A few years ago, I came to an ugly realization: most of my relationships have been rebounds from the previous one. There’s even been rebounds for rebounds. It’s not a fun thing to admit, but hell, admitting it is the first step, right?
A “rebound” is a relationship that comes right after another has ended. It doesn’t necessarily mean EVERY relationship that closely follows another is a rebound (at least that’s what I think), but the rebound relationship is created purely to get over the heartbreak of the previous.
Think about it, you go through a break up and the last thing you want to be is alone and sad. So, you find someone to fill that void. In my experience, I was just avoiding dealing with those feelings of loss.
In a way, it’s good to get right back out there, meet new people and remind yourself that there’s plenty of fish in the sea. But on the other hand, it often leads to settling for less than what you deserve. Bad. Bad idea!
The shitty thing about rebounds is that YOU can say, sure I’m not going to date anyone while I’m on the rebound. But, what if you are dating someone who is? I found this nifty little quiz to help us all figure it out — are we dating someone on the rebound?
- Is your significant other bitter (don’t mind me)? It could be anger toward an ex or generalizations, i.e “All men are shit.”
- Is your date happy to just be dating… anyone? If they don’t seem to care about YOU. It’s time to grab a taxi.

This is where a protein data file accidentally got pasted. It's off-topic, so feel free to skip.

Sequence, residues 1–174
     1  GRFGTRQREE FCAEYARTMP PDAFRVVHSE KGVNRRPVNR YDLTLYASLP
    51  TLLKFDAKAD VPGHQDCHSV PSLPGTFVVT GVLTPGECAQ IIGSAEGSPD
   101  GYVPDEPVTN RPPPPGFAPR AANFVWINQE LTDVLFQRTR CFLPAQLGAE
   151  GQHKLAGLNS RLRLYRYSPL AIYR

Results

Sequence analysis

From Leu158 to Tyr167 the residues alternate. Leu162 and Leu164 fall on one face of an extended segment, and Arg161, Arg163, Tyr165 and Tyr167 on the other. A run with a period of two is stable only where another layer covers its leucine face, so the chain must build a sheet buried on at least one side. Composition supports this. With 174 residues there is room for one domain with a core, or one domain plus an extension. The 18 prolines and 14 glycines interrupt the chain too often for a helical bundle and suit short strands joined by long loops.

- He/she can’t shut up about the ex. That’s just bad.
- Are things more physical than emotional? Chances are, you’re just filling a space.
- His/her friends, family, coworkers are all shocked this “relationship” has happened so quick.
- He/she is scared of commitment. Won’t commit to something in the future, or even a date Friday night? Bye Felicia.
The one thing people ALWAYS say about rebound relationships is that they won’t last. And while none of my relationships — rebound or not — have lasted, I don’t necessarily think that’s the case.
According to an article in Psychology Today, evidence suggests that rebound relationships can be just as stable as any other:
Further, evidence on the stability of marriages which occur after the dissolution of a previous marriage showed no evidence of a “rebound effect” (Wolfinger, 2007). That’s right: Subsequent relationship success (i.e., does your rebound relationship last?) was not a function of whether the relationship was formed as a rebound or not.
For me, I like to take a break between relationships. However, every relationship I’ve had is different, and often the nature of the relationship (and the breakup) is what determines the length of my “dating vacation.”
What are your experiences with rebound relationships?